3066 Assistant Auditor General


This section outlines the general role of an assistant auditor general as it relates to the Office’s audit practices and to an individual assurance engagement. It is not intended to outline all accountabilities and responsibilities of an assistant auditor general.

OAG Guidance

Role of the Assistant Auditor General (AAG)/Commissioner of the Environment and Sustainable Development (CESD) in assurance engagements

The Office conducts its assurance engagements within established portfolios based on department, industry, nature of the engagement, etc.

Assistant auditors general collaborate to jointly manage and oversee the audit practices/product lines (Annual Audits and Direct Engagements) they are assigned to, as outlined in the Audit Operations–Senior Management Roles and Responsibilities. This oversight includes providing product line strategic direction and leadership.

Assistant auditors general have an important role in the oversight of the Office’s audit practices. In addition, they have an important leadership role in promoting an internal culture of audit quality–which depends on clear, consistent, and frequent actions and messages that emphasize the Office's quality control policies and procedures, and the requirement to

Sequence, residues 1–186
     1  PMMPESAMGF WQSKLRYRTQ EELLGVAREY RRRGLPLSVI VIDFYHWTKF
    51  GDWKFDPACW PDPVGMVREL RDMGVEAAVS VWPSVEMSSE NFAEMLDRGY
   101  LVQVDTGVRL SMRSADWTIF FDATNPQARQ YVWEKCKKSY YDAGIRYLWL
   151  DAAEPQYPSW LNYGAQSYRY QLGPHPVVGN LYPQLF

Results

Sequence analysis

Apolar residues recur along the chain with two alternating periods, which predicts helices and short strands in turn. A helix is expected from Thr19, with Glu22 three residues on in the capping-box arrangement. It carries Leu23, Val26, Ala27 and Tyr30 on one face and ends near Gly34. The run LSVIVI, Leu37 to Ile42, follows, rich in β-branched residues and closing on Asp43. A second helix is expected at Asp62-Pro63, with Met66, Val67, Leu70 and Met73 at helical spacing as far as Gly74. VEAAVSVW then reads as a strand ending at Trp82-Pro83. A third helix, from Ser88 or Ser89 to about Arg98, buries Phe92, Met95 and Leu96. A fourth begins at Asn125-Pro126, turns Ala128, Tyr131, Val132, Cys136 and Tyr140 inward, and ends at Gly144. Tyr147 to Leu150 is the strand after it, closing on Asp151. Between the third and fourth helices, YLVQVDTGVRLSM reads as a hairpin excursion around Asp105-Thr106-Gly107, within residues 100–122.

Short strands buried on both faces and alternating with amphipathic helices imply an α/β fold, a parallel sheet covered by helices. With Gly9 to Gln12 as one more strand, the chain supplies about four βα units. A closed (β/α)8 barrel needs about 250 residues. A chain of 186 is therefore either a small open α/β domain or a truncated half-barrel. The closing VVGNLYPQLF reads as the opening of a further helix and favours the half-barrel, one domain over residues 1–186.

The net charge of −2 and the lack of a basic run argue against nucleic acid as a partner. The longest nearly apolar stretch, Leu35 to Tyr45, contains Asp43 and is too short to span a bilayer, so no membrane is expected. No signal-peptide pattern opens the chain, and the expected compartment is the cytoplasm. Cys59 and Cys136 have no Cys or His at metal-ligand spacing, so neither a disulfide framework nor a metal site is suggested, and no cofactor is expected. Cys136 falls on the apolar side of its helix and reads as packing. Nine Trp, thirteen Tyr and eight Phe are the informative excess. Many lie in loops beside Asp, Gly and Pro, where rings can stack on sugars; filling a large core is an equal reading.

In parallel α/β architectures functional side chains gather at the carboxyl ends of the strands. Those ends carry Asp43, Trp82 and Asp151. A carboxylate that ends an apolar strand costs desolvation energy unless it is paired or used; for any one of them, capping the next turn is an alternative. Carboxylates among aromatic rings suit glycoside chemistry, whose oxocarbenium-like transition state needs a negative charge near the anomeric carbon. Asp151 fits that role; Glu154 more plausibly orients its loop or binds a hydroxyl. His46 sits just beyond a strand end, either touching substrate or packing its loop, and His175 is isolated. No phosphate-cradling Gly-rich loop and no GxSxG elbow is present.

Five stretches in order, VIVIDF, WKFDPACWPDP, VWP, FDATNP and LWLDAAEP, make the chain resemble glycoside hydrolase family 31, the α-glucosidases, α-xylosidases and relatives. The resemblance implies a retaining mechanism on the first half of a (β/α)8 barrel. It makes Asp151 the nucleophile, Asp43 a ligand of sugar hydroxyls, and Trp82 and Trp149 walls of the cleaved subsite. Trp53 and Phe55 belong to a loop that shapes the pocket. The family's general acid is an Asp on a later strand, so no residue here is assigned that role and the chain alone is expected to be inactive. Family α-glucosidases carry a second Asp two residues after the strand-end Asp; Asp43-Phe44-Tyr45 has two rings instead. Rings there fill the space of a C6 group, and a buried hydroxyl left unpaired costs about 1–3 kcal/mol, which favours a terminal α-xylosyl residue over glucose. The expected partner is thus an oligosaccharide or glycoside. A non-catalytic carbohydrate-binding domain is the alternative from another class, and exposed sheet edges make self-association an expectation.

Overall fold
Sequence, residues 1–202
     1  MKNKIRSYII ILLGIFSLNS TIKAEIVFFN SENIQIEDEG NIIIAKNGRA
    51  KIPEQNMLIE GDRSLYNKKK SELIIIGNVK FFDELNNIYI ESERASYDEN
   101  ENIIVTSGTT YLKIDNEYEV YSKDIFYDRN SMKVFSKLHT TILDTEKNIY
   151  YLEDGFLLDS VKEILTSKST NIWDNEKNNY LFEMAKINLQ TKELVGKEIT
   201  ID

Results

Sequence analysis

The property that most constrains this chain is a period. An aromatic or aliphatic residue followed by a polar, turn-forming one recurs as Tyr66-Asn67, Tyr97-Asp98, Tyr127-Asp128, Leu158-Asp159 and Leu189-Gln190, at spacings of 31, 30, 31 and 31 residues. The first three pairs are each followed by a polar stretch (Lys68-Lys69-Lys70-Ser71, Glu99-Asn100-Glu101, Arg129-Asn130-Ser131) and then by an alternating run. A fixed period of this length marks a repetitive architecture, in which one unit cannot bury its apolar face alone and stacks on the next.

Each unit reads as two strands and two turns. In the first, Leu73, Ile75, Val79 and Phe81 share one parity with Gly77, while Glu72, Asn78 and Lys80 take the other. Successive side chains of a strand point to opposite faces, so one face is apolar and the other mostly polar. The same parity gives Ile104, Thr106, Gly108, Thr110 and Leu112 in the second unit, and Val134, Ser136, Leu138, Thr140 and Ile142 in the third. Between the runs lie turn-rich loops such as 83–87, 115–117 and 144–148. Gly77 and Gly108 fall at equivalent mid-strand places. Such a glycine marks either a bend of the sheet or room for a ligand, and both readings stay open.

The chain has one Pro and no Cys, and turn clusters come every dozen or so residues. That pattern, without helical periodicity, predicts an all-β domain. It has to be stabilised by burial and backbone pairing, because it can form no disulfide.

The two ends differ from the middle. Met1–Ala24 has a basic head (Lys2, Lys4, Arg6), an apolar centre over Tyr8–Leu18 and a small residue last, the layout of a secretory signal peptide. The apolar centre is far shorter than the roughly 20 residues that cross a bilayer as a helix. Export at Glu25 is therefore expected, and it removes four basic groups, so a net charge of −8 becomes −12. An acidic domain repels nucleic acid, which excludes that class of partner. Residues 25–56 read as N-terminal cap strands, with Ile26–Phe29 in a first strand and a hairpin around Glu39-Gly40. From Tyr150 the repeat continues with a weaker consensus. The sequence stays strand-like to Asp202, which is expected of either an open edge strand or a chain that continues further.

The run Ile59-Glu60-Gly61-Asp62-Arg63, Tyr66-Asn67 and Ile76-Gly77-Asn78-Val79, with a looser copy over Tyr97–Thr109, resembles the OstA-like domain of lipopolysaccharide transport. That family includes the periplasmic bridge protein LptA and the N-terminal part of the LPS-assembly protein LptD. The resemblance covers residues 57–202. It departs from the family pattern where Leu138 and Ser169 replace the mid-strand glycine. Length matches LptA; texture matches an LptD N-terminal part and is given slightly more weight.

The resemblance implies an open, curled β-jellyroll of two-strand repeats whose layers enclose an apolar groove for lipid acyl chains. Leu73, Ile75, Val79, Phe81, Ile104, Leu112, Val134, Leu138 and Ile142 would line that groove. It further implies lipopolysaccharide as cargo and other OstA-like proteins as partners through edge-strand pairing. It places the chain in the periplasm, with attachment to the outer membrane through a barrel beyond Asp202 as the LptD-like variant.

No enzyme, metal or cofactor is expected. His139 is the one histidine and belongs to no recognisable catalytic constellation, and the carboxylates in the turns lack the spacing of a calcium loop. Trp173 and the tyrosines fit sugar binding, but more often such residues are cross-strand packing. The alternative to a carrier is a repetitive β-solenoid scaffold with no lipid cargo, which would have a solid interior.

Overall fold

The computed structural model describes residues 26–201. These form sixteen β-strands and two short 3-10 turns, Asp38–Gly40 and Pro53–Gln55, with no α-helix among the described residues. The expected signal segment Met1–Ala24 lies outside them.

1. perform work that complies with professional standards and applicable legal and regulatory requirements, and
  2. issue reports that are appropriate in the circumstances.

In managing their audit practices and product lines, assistant auditors general

  • provide product line strategic direction and leadership (e.g. overall themes or messages to communicate);
  • provide direction and approve new product initiatives;
  • establish and oversee the application of product line risk management frameworks;
  • develop key product line performance measures, and monitor progress against them;
  • monitor the consistent identification and mitigation of practice risks;
  • resolve complex issues at the product line level;
  • monitor the consistent application of standards and methodology Office-wide;
  • allocate practice budgets to individual engagements;
  • monitor practice progress towards reporting deadlines;
  • aid in resolving differences of opinion;
  • ensure appropriate rotation of engagement leaders; and
  • monitor and evaluate the effectiveness of key stakeholder engagement/satisfaction.